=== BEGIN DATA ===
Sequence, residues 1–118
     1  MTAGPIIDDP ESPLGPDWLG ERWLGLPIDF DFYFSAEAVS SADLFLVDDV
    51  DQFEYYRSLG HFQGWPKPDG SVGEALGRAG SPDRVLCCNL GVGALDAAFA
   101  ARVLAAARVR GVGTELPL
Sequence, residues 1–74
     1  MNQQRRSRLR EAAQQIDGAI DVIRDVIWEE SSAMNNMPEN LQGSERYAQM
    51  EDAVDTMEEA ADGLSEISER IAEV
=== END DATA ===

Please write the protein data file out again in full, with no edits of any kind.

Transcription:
Sequence, residues 1–118
     1  MTAGPIIDDP ESPLGPDWLG ERWLGLPIDF DFYFSAEAVS SADLFLVDDV
    51  DQFEYYRSLG HFQGWPKPDG SVGEALGRAG SPDRVLCCNL GVGALDAAFA
   101  ARVLAAARVR GVGTELPL
Sequence, residues 1–74
     1  MNQQRRSRLR EAAQQIDGAI DVIRDVIWEE SSAMNNMPEN LQGSERYAQM
    51  EDAVDTMEEA ADGLSEISER IAEV